Garry Morgan, long experienced in radiation issues including as a nuclear, biological and chemical warfare specialist in the U.S. Army, notes that â€œthis is not the first time atomic engines for aircraft have been tried.â€
In the 1950s the U.S. military developed nuclear-powered aircraft but ran into the huge problem of requiring â€œheavy shieldingâ€ to protect pilots and crew from radioactivity, noted Morgan. He is now director of community radiation and health monitoring for the Bellafonte Efficiency & Sustainability Teamâ€”Mothers Against Tennessee River Radiation, initiatives of the Blue Ridge Environmental Defense League.
In the militaryâ€™s Nuclear Energy for Propulsion of Aircraft project of the 50s, ground tests were conducted of atomic airplane engines. A B-36 bomber was renamed an NB-36â€”NB for Nuclear Bomberâ€”and made numerous test flights with an onboard reactor operating although not used to power engines.
Regarding the Boeing scheme, the result of the Uranium-238 being struck by neutrons would be [that some of it is] transformed into Plutonium-239, said Morgan. Plutonium has long been described as the most toxic radioactive substance, and Plutonium-239 has a half-life of 24,100 years; thus once created it remains radioactive for 240,000 years.
â€œI donâ€™t understand how they are going to overcome the emissions problems and how the shielding issue would be handled,â€ said Morgan.
As to a crash of an airplane with atomic engines, â€œIt would be a real mess. Youâ€™d have lethal material spread all over the place.â€
The patent lists Boeing, based in Chicago, as â€œapplicantâ€ and the â€œinventorsâ€ of the proposed engine as: Frank O. Chandler, director of Advanced Vehicle Subsystems and Technologies at Boeingâ€™s The Phantom Works; Boeing engineer James S. Herzberg; and Robert J. Budica, who has been Boeingâ€™s director of strategic technologies.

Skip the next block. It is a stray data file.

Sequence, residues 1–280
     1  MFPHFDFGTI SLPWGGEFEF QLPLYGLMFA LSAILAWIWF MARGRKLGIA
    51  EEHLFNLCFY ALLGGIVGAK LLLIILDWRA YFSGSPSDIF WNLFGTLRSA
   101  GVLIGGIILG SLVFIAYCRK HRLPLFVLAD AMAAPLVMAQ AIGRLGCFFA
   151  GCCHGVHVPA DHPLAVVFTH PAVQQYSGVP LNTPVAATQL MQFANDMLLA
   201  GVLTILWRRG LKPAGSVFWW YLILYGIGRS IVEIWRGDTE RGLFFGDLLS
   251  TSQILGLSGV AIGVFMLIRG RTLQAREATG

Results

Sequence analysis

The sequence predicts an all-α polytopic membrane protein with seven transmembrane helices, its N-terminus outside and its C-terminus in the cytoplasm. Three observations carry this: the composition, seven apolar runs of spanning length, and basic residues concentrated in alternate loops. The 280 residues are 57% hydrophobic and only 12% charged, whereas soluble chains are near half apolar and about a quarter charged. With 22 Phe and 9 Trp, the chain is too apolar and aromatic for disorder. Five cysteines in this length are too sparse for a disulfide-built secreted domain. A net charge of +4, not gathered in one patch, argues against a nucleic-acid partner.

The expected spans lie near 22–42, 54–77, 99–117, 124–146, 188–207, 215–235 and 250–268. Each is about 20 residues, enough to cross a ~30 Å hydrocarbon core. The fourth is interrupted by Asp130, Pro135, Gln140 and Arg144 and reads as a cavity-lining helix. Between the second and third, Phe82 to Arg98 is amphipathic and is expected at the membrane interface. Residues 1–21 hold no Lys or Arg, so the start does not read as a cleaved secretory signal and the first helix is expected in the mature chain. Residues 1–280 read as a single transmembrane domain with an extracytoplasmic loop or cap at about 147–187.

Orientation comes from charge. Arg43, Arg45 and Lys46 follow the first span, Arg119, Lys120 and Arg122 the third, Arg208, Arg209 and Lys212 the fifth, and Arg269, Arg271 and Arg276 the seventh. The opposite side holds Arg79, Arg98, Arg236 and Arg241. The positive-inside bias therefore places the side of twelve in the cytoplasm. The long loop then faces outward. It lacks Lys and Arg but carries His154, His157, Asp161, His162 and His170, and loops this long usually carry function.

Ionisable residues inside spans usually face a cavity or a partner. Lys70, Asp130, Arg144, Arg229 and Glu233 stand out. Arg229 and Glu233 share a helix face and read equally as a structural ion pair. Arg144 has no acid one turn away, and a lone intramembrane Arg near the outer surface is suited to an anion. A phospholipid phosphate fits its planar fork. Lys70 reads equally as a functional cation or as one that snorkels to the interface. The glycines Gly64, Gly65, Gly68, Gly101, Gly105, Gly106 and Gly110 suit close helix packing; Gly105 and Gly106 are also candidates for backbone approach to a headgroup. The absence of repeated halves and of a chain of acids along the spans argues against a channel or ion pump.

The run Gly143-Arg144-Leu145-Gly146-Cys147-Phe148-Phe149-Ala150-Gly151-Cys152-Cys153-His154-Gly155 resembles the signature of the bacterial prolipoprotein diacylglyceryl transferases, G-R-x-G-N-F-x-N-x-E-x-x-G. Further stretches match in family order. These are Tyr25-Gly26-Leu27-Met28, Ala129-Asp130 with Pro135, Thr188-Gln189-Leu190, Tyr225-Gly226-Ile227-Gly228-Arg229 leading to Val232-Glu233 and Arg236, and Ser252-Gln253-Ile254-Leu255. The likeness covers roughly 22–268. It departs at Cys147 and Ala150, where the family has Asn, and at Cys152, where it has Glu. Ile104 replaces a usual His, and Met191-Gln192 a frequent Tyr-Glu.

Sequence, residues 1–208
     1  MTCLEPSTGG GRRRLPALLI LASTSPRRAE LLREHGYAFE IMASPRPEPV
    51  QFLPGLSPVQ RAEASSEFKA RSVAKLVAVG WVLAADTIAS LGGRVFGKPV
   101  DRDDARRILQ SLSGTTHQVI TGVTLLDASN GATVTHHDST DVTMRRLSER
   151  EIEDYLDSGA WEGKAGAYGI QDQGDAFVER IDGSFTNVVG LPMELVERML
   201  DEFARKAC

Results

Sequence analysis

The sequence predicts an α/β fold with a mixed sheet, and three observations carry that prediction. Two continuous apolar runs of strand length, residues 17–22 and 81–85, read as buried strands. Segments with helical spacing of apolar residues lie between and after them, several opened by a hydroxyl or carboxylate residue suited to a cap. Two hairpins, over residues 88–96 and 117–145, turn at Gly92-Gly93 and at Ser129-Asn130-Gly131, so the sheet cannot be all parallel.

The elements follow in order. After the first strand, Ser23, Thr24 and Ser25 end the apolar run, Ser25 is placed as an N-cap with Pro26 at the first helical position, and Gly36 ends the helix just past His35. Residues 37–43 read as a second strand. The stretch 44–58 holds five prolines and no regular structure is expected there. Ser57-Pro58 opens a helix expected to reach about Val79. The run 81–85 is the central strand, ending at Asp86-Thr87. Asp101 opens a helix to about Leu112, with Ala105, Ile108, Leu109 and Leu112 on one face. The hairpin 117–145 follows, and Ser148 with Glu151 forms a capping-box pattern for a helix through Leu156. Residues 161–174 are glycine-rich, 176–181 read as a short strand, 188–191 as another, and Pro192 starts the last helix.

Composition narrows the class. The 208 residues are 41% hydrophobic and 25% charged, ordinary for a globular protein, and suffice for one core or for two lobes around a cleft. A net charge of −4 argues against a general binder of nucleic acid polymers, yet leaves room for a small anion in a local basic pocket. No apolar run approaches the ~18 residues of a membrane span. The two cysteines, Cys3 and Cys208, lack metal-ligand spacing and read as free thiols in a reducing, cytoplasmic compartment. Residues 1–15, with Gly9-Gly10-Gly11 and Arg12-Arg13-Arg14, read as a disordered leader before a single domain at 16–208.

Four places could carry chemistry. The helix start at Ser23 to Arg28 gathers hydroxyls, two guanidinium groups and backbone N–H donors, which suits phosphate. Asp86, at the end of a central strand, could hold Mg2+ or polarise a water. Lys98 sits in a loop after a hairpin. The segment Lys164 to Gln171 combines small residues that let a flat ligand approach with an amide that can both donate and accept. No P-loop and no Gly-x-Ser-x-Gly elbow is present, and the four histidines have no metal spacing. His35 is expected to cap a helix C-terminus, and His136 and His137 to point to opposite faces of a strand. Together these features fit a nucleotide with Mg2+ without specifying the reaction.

â€œAs of now,â€ says Business Insider, â€the engine lives only in patent documents. The technology is so-out-there that itâ€™s unclear if anyone will ever use it.â€
In a 1960 book, Nuclear Flight: The United States Air Force Program for Atomic Jets, Missiles, and Rockets, edited by Air Force Lieutenant Colonel Kenneth F. Glantz, then Air Force Deputy Chief of Staff for Development, Lt. General Roscoe C. Wilson spoke of nuclear bombers with â€œunlimited rangeâ€ being on â€œmissions of several days duration.â€
Nukespeak: the Selling of Nuclear Technology in the USÂ by Stephen Hilgartner, Richard C. Bell and Rory Oâ€™Connor, published in 1983, with a new e-book edition in 2011, relates:
â€œAtomic-powered airplanes would make long-distance bombing easier, since the planes were expected to be able to circle the globe without refueling.â€ As late as 1959, it notes, the Joint Chiefs of Staff were assuring Congress of the military potential of nuclear-powered aircraft and urging that they be built. But nixing the program in 1961â€”after more than $1 billion in 1950s dollars had been spentâ€”was then Secretary of Defense Robert McNamara who told Congress that an atomic airplane would â€œexpel some fraction of radioactive fission products into the atmosphere, creating an important public relations problem if not an actual physical hazard.â€Î¦
Karl Grossman, professor of journalism at the State University of New York/College of New York, is the author of the book,Â The Wrong Stuff: The Spaceâ€™s Programâ€™s Nuclear Threat to Our Planet.Â Grossman is an associate of the media watch group Fairness and Accuracy in Reporting (FAIR).Â He is a contributor toÂ Hopeless: Barack Obama and the Politics of Illusion.